"We had three theaters on U Street The Booker T., The Republic, and the Lincoln. The Lincoln, of course, is still standing. We enjoyed first class films in those three theaters. The Howard Theater had big acts. Of course I didn't get to go to the Howard very often because it was very expensive and younger children didn't go.
"When I was younger there was a small church on 13th Street called Trinity Baptist and I played for one of the afternoon services there. They paid me about fifty cents a Sunday or something like that. You had a lot of things to do when you were part of a family--you had the washing and the ironing and cleaning up the house, and the boys in addition to going to school had odd jobs. My brother sold newspapers and he would take my younger sister Ursula and put her on the wagon with the papers. He loved to take her, because he said people seeing her there would buy more papers from him. Everybody contributed what they could to the family budget. The girls contributed in the house, but not really working outside like the boys.
"I attended Shiloh Church on L Street, NW between 16th and 17th Street. We enjoyed it because they always had a Christmas celebration and Easter exercises and they had a bazaar there in the early years and we had Thanksgiving. The church provided most of the entertainment for us. Easter time we'd go to the zoo rather than going to the White House. The zoo was a favorite place. When the church wanted to have a picnic, they would reserve a section of the zoo and that was always a treat. We brought a picnic and had the best of foods.
"My mother was cousin to Carter G. Woodson, the historian, and he always came to spend Thanksgiving and Christmas dinner with us. One of my first memories is of his being at the door. I opened the door for him at Christmastime and he had an arm full of gifts all wrapped in white paper and tied in red ribbon. It was a book for each of the children, for the most part they were books that he had written or were published by his company, Associated Publishers. Of course we still have those and I treasure them a great deal. That was a big enough celebration with six children, my mother and father, and Dr. Woodson. Of course we always had a Christmas tree and exchanged gifts with the family. Oranges were not plentiful, but we always had an orange in my stocking which was quite a treat and other little things like candies and nuts. Clothes were always a favorite and we got toys. I remember when the colored dolls first were made, but they were so expensive so my parents stuck with the regular dolls. Then there were games and I liked games better than dolls.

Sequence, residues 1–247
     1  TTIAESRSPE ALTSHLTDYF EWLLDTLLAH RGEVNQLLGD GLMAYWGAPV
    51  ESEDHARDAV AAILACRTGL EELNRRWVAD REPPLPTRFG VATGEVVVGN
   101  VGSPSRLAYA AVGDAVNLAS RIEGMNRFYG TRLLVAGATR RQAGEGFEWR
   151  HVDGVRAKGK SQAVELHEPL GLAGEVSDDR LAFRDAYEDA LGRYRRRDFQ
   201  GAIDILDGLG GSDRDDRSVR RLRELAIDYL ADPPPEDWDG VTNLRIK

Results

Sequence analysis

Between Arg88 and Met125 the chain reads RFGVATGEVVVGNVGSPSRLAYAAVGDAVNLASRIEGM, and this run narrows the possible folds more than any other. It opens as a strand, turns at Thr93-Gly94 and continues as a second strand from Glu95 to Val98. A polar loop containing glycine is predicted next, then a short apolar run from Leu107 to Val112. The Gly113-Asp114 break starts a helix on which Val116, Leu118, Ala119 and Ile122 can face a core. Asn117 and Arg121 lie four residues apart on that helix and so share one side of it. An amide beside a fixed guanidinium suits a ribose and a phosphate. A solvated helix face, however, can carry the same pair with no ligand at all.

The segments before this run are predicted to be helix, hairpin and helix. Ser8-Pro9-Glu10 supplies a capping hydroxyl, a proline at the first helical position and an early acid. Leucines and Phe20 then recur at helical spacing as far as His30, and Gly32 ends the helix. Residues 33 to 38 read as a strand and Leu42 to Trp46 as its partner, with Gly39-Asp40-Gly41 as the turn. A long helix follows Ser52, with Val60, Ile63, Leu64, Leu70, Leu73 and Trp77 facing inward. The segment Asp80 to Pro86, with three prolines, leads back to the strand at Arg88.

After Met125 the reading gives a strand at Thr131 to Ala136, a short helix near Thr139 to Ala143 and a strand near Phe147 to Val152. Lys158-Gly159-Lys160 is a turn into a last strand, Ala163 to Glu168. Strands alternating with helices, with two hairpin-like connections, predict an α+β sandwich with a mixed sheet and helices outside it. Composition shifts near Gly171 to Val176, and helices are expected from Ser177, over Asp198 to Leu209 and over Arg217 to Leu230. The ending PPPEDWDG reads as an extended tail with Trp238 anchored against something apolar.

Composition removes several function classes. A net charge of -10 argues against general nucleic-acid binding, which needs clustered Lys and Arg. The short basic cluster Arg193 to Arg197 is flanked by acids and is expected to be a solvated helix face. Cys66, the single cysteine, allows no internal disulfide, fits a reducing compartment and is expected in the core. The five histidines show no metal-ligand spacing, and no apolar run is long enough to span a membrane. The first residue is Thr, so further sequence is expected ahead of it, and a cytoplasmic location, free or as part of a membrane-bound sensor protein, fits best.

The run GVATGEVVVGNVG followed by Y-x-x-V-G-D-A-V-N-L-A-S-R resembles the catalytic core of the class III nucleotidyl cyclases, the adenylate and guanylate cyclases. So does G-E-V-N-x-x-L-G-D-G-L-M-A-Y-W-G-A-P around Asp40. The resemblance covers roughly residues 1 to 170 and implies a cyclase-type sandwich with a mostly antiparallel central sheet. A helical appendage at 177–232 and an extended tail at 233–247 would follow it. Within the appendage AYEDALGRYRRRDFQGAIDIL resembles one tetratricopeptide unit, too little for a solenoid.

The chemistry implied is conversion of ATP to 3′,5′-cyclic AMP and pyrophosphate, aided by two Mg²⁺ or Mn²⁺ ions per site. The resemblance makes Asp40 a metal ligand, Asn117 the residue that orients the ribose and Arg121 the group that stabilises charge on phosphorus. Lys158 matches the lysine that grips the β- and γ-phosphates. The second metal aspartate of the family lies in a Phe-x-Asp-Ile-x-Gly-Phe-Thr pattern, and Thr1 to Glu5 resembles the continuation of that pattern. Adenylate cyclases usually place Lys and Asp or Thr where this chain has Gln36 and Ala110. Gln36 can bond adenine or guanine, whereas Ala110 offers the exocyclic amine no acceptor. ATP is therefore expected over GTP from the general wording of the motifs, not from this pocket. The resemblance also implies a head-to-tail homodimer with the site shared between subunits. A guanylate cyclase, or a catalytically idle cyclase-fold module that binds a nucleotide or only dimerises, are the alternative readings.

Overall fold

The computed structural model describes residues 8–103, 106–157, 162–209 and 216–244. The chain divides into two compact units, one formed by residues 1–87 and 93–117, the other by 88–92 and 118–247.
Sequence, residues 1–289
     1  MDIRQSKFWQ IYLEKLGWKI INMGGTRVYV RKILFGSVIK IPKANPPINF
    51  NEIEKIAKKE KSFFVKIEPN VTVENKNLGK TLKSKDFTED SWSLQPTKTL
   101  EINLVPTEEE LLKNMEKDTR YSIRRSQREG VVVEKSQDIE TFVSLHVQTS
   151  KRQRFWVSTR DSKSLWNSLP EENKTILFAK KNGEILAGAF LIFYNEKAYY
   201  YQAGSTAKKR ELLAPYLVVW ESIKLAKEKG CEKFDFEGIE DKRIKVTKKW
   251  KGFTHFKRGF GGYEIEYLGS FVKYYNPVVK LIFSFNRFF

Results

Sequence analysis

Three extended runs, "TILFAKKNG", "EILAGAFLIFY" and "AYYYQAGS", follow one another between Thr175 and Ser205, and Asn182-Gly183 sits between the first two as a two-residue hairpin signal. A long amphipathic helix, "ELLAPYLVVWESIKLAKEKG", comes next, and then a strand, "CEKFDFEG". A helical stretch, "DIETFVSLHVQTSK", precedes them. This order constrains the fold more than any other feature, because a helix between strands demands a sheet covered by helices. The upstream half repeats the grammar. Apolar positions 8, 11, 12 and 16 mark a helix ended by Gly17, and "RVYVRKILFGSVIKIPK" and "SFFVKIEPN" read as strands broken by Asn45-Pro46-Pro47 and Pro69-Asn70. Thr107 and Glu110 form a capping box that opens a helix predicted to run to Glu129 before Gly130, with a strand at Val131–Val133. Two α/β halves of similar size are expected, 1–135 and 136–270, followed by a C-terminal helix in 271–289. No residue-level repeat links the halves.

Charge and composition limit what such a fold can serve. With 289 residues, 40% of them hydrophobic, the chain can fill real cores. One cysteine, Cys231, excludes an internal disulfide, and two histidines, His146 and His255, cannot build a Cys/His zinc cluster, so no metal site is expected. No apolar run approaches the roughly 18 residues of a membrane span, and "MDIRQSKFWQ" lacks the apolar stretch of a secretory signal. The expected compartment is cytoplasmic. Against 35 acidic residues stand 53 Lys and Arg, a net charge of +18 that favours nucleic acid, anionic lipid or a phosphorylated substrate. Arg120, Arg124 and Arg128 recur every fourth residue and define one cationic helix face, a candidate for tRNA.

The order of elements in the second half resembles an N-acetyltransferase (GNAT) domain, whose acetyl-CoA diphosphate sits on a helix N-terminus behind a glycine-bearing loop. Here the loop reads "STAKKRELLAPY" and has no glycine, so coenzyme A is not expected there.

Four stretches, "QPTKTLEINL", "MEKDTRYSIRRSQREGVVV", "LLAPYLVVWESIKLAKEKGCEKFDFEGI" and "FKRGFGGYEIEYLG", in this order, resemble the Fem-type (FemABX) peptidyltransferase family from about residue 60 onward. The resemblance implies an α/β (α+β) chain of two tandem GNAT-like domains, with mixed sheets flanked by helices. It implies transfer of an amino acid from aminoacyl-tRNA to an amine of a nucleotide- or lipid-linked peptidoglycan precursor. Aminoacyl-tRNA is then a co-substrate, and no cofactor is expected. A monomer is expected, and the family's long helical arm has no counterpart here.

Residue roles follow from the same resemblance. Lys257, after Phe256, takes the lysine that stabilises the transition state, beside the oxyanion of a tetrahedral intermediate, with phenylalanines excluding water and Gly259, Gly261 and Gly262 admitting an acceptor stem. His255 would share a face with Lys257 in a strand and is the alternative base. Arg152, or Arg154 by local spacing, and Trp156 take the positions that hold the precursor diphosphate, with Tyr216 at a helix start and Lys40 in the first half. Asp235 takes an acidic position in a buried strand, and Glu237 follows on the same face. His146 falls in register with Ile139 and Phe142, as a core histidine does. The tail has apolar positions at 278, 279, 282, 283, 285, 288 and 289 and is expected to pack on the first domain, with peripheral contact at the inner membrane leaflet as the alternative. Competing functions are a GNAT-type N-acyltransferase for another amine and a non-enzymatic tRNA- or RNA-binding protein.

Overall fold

"I went to Dunbar High School and then Miners College. I got a position in public schools when I was nineteen after finishing Miner [Teacher's College]. We were at an advantage because we had excellent teachers who were trained at Smith and other great colleges like Howard and Radcliffe. Dr. Simpson studied at the Sorbonne and couldn't get positions in white places. We had first class teachers. We loved the Dramatic Club because Miss Burrill was in charge. We'd either participate in the play or backstage. We put on 'Bluebird' over at Armstrong and it was quite a production. In one scene the bluebirds flashed across the screen and she wanted some noise like the bluebirds were singing. There was a little whistle you could buy and dip into water to make a little birdlike sound. I remember going down to the ten cent store with another little girl to get these whistles. We were dipping whistles into buckets of water behind the screens, blowing whistles, and spilling water.
"We were a close family: We didn't have many places to go so we made our own fun. We played jacks and the boys played marbles. We had marble steps on our front stairs very much like they do in Baltimore today. Skipping rope was a favorite past time and ring games. My mother was very kind and very innovative. I remember on the Fourth of July she couldn't take us to any special place, but she made ice cream and she bought ice cream cones from the store on the corner. She would have the children from the block, who very much like the rest of us couldn't go anywhere special, and we would race. Whoever won the race would get an ice cream cone as a prize."